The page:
Because a novel feature of our paradigm was that only four concepts repeated across the experiment, we examined whether activity associated with each concept differed within the localizer ROIs across the first and second halves of the matching task. We observed a significant decrease in the RTs to the scenes during the second half (vs. the first half) of the experiment, which raised the possibility that neural activity during the separate concept period of interest here (that preceded the scene) was also changing across time. More specifically, a 2 (Concept Type: abstract, concrete) × 2 (Response: applies, does not apply) × 2 (Time: first half, second half) repeated-measures ANOVA revealed that RTs decreased from the first half (M = 1444 msec) to the second half (M = 1308 msec) of the experiment, F(1, 14) = 19.9, p < .001 (main effect of Time). To examine time effects in the neuroimaging data, event onsets for concept events in the first half of the experiment (runs 1–3) were specified as separate conditions from concept events in the second half of the experiment (runs 4–6). Nine conditions were modeled in this analysis: (1) convince, first half; (2) convince, second half; (3) arithmetic, first half; (4) arithmetic, second half; (5) rolling, first half; (6) rolling, second half; (7) red, first half; (8) red, second half; and (9) scenes following all eight concept conditions. In all other regards, this analysis was identical to the original regression analysis. In the same manner as the initial ROI analysis, mean betas were extracted across voxels in each localizer ROI for each individual. The group mean (across participants) for convince in the first and second halves and for arithmetic in the first and second halves were compared using t tests (p < .05) in both the thought and count localizer ROIs. The same analysis approach was also used to examine the concrete concepts in the motion and color localizer ROIs. As we will see, the RT decrease over time during the scene period does not appear to reflect processing during the earlier concept period, as neural activity largely remained stable across time for each concept.

One additional finding of note occurred in the RT data. A significant Concept Type × Response interaction revealed that RTs were significantly slower for the abstract concepts than for the concrete concepts when concepts applied to the subsequent scene (but not significantly different when concepts did not apply; F(1, 14) = 11.2, p = .005). This difference could be interpreted in a number of ways. One possibility is that it reflects differences in task difficulty (i.e., greater difficulty in applying the abstract concepts to matching scenes), which has been a general concern in past work comparing the neural bases of abstract and concrete concepts. As we will see, though, regions associated with task difficulty in prior studies (e.g., anterior insula, anterior cingulate, dorsal inferior frontal gyrus; Sabsevitz et al., 2005; Noppeney & Price, 2004) were not more active for the abstract concepts than for the concrete concepts during the initial concept period. Thus, it appears that the RT differences reflect difficulty (or perhaps complexity) only during the later scene period, when the concepts were mapped to the scenes.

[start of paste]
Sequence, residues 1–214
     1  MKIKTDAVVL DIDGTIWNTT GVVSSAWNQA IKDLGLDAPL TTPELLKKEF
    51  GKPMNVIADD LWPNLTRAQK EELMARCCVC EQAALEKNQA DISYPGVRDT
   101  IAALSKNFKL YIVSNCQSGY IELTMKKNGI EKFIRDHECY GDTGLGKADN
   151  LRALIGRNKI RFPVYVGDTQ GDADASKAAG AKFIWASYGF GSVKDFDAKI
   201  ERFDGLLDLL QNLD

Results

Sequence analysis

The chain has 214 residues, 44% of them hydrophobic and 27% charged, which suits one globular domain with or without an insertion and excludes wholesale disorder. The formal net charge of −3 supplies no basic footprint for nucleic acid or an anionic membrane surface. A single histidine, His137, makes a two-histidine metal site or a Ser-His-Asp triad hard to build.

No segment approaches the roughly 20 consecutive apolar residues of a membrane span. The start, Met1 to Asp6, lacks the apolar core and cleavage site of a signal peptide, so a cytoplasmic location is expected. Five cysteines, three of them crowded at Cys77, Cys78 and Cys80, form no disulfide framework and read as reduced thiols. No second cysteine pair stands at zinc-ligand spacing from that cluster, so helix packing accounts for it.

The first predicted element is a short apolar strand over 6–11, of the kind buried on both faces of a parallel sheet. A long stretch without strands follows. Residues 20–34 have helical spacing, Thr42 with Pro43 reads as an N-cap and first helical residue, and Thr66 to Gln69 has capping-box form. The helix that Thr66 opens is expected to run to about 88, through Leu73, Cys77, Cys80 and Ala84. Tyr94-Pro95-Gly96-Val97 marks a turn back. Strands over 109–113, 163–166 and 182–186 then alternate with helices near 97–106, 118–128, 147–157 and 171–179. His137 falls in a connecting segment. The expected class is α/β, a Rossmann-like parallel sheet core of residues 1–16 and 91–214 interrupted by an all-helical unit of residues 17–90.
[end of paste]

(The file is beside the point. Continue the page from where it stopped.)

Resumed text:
RESULTS

Functional Localizers

Each functional localizer contrast illustrated in Figure 2 identified brain regions consistent with previous research (see also Tables 1 and 2). As described, the four localizers defined ROIs in an independently obtained data set, within which contrasts were computed for the separate and primary task of interest: the concept–scene matching task. The network of regions more active during the thought localizer has been consistently implicated in social cognition and emotion (Simmons et al., 2010; Adolphs, 2009; Van Overwalle, 2009; Kober et al., 2008; Amodio & Frith, 2006). Robust activity was observed along the cortical midline in mpFC and posterior cingulate, core regions of a network consistently identified during spontaneous thought (Buckner, Andrews-Hanna, & Schacter, 2008), and also in SMA. Bilaterally, the temporal poles, much of the STS (both anterior and posterior), and inferior frontal gyrus were active. In the left hemisphere, activity in the anterior temporal lobe extended medially into the amygdala and hippocampus and anteriorly into OFC.

Figure 2. 

ROIs defined by the independent functional localizer tasks.

Figure 2. 

ROIs defined by the independent functional localizer tasks.

The regions more active during the count localizer were those typically associated with number and magnitude (Cantlon et al., 2009; Nieder & Dehaene, 2009; Dehaene et al., 2003). These regions included bilateral IPS and posterior superior parietal regions as well as right middle frontal gyrus.

The ROIs identified in the motion and color localizers were also consistent with previous research (Martin, 2001, 2007). The motion localizer identified predicted clusters of activity in lateral temporal (bilateral middle temporal gyrus and STS) and parietal cortex (precuneus, left supramarginal gyrus, and superior parietal), whereas the color localizer identified predicted clusters of activity in ventral temporal cortex (bilateral fusiform gyrus, right parahippocampal gyrus).

Concept–Scene Matching Task

Concept Contrasts in Functional Localizer ROIs Defined by an Independent Data Set